What is Nyctophobia?

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  • Written By: Mary McMahon
  • Edited By: Bronwyn Harris
  • Last Modified Date: 21 November 2019
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Nyctophobia is an intense, irrational fear of darkness; the term “scotophobia” is also used to describe this condition. While many people are afraid of the dark, a nyctophobic has a fear which is so intense that it can cause a variety of physical symptoms in addition to general anxiety and stress. This condition can be both frustrating and crippling without being treated. Fortunately, there are a number of treatment options for nyctophobia, ranging from hypnosis to talk therapy, and there is no reason to live in fear of the dark.

Being afraid of darkness is nothing to be ashamed of; humans have poor night vision, and it is certainly understandable to be afraid of that which one cannot see. It is also common sense, in some cases, as learning to avoid the dark can help people avoid potentially scary situations in urban environments. However, people who experience nyctophobia are so afraid of the dark that they can become almost paralyzed by their fear, which can be very dangerous in addition to being very emotionally stressful.


Studies of nyctophobia suggest that the condition tends to emerge around the age of two, suggesting that fear of darkness is not necessarily innate in humans. A variety of things can trigger nyctophobia, ranging from intense nightmares which seem even more traumatizing when the victim wakes up in darkness to child neglect. While many children are afraid of the dark (and monsters under the bed), a child with nyctophobia manifests intense fear which lives on until adulthood.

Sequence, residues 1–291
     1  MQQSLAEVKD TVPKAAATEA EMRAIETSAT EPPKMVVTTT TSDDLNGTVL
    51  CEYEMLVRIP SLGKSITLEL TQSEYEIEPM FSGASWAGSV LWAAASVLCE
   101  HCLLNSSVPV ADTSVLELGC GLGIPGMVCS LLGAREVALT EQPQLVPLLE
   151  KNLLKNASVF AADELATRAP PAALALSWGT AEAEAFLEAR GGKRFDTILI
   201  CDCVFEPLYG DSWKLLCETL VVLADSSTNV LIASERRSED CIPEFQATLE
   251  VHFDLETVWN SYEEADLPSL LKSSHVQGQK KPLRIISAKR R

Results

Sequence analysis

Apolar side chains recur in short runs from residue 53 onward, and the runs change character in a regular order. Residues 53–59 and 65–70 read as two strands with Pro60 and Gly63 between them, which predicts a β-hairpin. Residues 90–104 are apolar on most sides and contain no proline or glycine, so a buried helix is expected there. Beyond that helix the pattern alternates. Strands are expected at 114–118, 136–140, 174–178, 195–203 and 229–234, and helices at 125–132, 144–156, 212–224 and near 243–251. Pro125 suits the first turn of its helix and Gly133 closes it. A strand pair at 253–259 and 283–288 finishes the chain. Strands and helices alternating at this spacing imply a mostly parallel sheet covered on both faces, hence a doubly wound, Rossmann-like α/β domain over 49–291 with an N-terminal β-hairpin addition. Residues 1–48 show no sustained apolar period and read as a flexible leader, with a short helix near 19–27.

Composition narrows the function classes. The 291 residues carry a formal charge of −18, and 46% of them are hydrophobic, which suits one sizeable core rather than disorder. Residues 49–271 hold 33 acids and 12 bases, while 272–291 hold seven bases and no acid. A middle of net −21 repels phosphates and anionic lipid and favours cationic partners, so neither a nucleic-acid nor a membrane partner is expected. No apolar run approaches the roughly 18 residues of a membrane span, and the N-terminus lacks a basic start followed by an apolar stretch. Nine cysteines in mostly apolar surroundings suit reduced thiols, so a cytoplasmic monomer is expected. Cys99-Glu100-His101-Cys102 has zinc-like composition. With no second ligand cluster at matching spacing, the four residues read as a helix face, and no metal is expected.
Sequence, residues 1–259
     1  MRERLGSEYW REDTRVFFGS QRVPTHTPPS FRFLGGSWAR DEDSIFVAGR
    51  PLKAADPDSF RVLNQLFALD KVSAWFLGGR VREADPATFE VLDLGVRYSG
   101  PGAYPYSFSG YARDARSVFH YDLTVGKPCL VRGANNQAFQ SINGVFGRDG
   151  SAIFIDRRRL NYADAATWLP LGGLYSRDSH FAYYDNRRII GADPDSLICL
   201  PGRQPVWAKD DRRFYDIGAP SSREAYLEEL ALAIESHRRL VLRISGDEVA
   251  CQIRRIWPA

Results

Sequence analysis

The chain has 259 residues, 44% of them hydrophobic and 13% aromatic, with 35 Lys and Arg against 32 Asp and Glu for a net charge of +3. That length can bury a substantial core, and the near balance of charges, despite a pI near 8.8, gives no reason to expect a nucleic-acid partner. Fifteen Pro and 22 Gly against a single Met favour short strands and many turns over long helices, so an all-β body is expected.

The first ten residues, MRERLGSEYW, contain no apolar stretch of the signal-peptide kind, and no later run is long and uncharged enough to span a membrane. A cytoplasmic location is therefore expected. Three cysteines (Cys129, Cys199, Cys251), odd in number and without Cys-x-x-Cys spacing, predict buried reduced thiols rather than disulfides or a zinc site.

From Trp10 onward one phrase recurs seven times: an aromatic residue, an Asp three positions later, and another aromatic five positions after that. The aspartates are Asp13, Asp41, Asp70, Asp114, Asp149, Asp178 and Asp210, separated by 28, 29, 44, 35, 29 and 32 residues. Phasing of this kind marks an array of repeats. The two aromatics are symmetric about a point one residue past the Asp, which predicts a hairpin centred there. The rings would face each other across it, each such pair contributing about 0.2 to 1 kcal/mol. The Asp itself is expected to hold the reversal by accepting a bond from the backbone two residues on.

Someone with nyctophobia experiences intense fear and anxiety around the idea of being alone in the dark. He or she may feel nauseous, start sweating or shaking, or even vomit because the fear is so intense. As often happens when we are afraid, a nyctophobic may also start to lose his or her grip on reality, spooking at strange shapes in the dark and being unable to cope with situations which are normally not frightening.

One of the most obvious ways to deal with nyctophobia is to install a night light, but this only works at home. When nyctophobia is extreme, it is a good idea to seek treatment, so that the patient will be able to cope with dark situations outside the home and later in life. Such treatment can focus on desensitization, exposing the patient slowly to darkened conditions to take the fear away, and it can also involve breathing exercises, hypnosis, talk therapy, medication, and other techniques. Someone who has a history of nyctophobia may also want to mention it before undergoing MRIs and other medical tests which involve being in dark environments.


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